What did you do in the Dark Ages, Mummy? Mandy Sayer

The Weekend Australian - Review - - Books -

The ge­n­e­sis of this book be­gan with anec­dotes about the 1960s and 70s that the au­thor shared with his in­cred­u­lous and dis­be­liev­ing sons.

Yes, in the once-upon-a-time of just 40 or 50 years ago banks wouldn’t lend money to women, indige­nous Aus­tralians weren’t al­lowed to vote and ho­mo­sex­u­al­ity was a crim­i­nal of­fence that could carry a jail sen­tence of 14 years.

As a na­tion formed on the backs of re­bel­lious con­victs, Aus­tralia was uniquely po­si­tioned to create a fairer and more demo­cratic so­ci­ety than that of Mother Eng­land but failed to do so, the au­thor tells his kids, un­til the ground­break­ing elec­tion of Gough Whit­lam in 1972.

Richard Glover is the au­thor of 12 books for adults, most re­cently the hi­lar­i­ous mem­oir Flesh Wounds. He is a weekly colum­nist for Fair­fax news­pa­pers and presents the com­edy pro­gram Thank God It’s Fri­day on ABC ra­dio.

It is the ra­dio gig that seems to have pro­vided Glover with fur­ther mo­ti­va­tion to write

The Land Be­fore Avo­cado: Jour­neys in a Lost Aus­tralia is a bit­ter­sweet let­ter to the re­cent past: many of his baby-boomer lis­ten­ers call in The Land Be­fore Avo­cado: Jour­neys in a Lost Aus­tralia By Richard Glover ABC Books, 288pp, $29.99 to wax lyri­cal about a time of date nights at drive-ins, live mu­sic in pubs and trans­ac­tions al­ways made in cash.

Sure, with­out the com­plex­i­ties of so­cial me­dia, sky­rock­et­ing house prices and the econ­omy of ca­sual em­ploy­ment, it was a sim­pler and less con­fus­ing time for some. But for oth­ers such as im­mi­grants, gays, women and indige­nous peo­ple it was an era of suf­fo­cat­ing xeno­pho­bia.

It was also a dan­ger­ous time to be a child. Par­ents were free to drink in pubs for hours while their off­spring were babysat in the back seat of the Holden by a packet of crisps and a pink le­mon­ade. Seat belts and breathal­y­sers didn’t ex­ist, so when Mum and Dad fi­nally rolled out of the ho­tel in­evitably there’d be a ver­tig­i­nous and white-knuck­led with no RBT to in­ter­vene.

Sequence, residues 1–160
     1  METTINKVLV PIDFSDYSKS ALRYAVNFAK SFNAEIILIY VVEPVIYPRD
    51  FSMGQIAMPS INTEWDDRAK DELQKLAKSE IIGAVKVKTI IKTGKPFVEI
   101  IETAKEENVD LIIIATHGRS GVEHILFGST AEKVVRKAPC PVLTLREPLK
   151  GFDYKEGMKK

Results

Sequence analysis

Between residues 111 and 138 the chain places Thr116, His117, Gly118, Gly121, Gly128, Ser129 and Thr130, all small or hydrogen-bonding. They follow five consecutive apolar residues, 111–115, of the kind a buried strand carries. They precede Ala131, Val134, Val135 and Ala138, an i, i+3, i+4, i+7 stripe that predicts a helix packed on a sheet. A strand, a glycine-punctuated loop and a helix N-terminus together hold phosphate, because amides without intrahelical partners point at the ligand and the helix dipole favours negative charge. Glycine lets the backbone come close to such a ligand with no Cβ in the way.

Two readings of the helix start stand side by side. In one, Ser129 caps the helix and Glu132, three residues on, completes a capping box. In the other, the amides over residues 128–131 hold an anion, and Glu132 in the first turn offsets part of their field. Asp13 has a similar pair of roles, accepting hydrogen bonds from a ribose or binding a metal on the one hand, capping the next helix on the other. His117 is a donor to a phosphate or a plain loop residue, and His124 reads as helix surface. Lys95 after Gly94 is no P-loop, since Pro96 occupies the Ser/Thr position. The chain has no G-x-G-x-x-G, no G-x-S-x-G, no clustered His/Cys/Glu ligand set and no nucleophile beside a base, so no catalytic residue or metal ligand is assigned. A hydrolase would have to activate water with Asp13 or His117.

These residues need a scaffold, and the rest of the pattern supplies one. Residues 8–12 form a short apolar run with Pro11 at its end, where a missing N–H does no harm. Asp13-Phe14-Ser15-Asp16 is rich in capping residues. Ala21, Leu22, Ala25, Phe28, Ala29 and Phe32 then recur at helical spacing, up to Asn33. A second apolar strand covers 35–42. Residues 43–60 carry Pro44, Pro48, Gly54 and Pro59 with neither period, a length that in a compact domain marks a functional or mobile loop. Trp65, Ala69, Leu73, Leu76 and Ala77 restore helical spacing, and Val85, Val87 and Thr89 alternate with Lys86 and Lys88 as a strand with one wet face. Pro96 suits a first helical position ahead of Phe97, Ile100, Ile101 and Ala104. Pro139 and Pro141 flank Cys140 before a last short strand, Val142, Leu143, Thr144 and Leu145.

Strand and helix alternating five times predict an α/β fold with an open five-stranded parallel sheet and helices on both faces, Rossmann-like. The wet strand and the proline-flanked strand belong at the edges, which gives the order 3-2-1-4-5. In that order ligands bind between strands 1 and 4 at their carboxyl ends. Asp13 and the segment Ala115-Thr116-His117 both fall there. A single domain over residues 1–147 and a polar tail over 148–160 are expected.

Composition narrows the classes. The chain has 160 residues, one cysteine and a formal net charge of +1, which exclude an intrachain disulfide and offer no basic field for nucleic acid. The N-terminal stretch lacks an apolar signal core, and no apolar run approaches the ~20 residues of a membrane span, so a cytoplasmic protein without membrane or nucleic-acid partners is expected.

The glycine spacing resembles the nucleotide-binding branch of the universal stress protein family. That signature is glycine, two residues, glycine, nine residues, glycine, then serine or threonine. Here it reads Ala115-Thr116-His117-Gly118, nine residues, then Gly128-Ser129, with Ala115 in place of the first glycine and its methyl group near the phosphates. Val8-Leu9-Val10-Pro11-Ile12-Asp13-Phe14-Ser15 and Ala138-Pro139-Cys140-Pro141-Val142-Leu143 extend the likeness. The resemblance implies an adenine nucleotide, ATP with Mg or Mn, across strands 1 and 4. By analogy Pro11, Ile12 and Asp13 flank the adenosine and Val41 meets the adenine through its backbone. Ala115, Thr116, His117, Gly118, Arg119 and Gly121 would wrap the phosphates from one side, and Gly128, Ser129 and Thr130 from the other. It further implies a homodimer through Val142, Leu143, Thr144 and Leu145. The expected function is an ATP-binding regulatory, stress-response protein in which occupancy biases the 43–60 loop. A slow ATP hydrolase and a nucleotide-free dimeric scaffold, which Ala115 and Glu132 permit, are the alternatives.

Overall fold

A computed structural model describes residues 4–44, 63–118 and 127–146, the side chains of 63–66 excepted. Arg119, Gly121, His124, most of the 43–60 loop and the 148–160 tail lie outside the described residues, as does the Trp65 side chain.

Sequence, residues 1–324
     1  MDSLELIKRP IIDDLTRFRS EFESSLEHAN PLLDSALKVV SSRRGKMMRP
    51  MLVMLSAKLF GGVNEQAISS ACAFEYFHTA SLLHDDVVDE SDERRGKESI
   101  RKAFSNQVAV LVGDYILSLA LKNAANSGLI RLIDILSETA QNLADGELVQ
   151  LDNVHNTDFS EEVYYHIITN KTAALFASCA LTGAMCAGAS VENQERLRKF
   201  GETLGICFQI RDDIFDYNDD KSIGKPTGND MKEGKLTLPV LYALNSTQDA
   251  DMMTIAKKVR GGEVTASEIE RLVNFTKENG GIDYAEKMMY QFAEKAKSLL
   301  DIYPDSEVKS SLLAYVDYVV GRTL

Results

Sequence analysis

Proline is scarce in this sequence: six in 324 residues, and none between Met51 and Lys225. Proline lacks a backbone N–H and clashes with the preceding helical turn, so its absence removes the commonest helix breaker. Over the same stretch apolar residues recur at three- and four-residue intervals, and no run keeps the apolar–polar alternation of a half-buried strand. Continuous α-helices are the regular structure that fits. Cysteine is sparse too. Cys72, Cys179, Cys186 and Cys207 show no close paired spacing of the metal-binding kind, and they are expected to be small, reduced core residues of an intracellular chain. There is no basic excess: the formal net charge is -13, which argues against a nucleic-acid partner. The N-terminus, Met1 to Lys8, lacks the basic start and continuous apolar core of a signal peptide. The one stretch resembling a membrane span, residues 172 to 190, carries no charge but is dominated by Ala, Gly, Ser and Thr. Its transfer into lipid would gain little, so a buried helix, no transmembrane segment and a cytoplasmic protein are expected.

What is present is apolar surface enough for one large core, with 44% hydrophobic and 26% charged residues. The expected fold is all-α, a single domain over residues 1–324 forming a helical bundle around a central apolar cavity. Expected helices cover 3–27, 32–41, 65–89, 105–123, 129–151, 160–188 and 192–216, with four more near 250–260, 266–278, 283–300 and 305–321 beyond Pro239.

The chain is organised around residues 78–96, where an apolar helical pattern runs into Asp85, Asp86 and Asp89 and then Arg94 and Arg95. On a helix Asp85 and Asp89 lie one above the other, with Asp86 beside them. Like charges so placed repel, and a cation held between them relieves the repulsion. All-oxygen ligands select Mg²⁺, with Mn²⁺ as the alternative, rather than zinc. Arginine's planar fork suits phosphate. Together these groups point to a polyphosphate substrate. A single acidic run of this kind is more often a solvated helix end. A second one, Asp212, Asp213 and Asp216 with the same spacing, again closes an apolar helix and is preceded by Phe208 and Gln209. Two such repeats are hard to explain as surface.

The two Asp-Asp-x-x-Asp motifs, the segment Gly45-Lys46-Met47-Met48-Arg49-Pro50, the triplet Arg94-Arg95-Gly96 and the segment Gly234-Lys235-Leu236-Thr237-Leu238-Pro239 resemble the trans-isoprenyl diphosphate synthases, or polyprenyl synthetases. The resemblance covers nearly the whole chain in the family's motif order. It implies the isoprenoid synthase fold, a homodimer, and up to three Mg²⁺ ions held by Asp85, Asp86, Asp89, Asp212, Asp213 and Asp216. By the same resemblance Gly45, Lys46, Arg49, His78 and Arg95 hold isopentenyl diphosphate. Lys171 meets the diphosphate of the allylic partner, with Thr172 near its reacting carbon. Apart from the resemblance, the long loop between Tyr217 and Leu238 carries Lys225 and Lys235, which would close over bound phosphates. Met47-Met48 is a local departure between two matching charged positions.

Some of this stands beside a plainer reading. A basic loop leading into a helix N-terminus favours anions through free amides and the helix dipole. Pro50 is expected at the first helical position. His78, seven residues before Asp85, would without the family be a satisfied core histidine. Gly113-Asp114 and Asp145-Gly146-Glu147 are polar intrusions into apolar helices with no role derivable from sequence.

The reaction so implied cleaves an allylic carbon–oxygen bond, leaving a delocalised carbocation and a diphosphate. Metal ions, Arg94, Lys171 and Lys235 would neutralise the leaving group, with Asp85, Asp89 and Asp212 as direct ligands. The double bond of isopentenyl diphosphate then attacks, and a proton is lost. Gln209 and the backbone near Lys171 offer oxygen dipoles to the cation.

Moth­ers chain-smoked while cook­ing din­ner, cor­po­ral pun­ish­ment was meted out to trans­gress­ing schoolkids, and mis­be­hav­ing boys were rou­tinely hu­mil­i­ated by be­ing forced to dress in girls’ uniforms. Kids from im­mi­grant or indige­nous back­grounds had it even worse, the for­mer ha­rassed by An­glo schoolkids about their salami sand­wiches and greasy olives, the lat­ter be­ing banned from pub­lic swim­ming pools.

In the 60s it was il­le­gal for indige­nous adults to own prop­erty, buy al­co­hol or have sex with whites.

As Glover points out, how­ever, there were many pos­i­tive as­pects of mid-cen­tury Aus­tralia to be en­joyed by the main­stream pop­u­la­tion. In 1966, for ex­am­ple, 73 per cent of (white) house­holds owned their own homes and con­sumers de­ferred the in­stant grat­i­fi­ca­tion of credit cards, and their re­sul­tant and crip­pling in­ter­est rates, by pur­chas­ing items on “lay-by”.

The prover­bial sub­ur­ban back door could be left open, day and night, with­out fear of rag­ing drive home, ice ad­dicts or prowl­ing thieves. Restau­rants were un­apolo­get­i­cally max­i­mal­ist: floors were car­peted, chairs were up­hol­stered, walls were pa­pered, en­sur­ing an acous­ti­cally soft and invit­ing at­mos­phere, as op­posed to to­day’s white min­i­mal­ist eateries that look more like pri­vate hos­pi­tal wait­ing rooms with liquor li­cences.

Which brings us to Aus­tralia’s con­tem­po­rary ob­ses­sion: food. Mil­len­ni­als who thrill at In­sta­gram­ming plates of truf­fle-in­fused pork belly, salted grapes and kan­ga­roo tartare will be star­tled by the fact, in the 60s and 70s, restau­rants and home chefs alike were un­able to cook with sour cream, fresh herbs or olive oil be­cause such “for­eign” in­gre­di­ents were unavail­able.

Most housewives — in­clud­ing my own mother — kept an enamel bowl of an­i­mal lard near their stoves for cook­ing meat and eggs, which would be promptly re­turned to the bowl, post-fry­ing, to har­den un­til it was used once again. This re­cy­cling of the same lard could go on for years and, in the process, would col­lect and in­cor­po­rate into its gelati­nous mass flecks of an­cient ba­con and bac­te­rial gris­tle.

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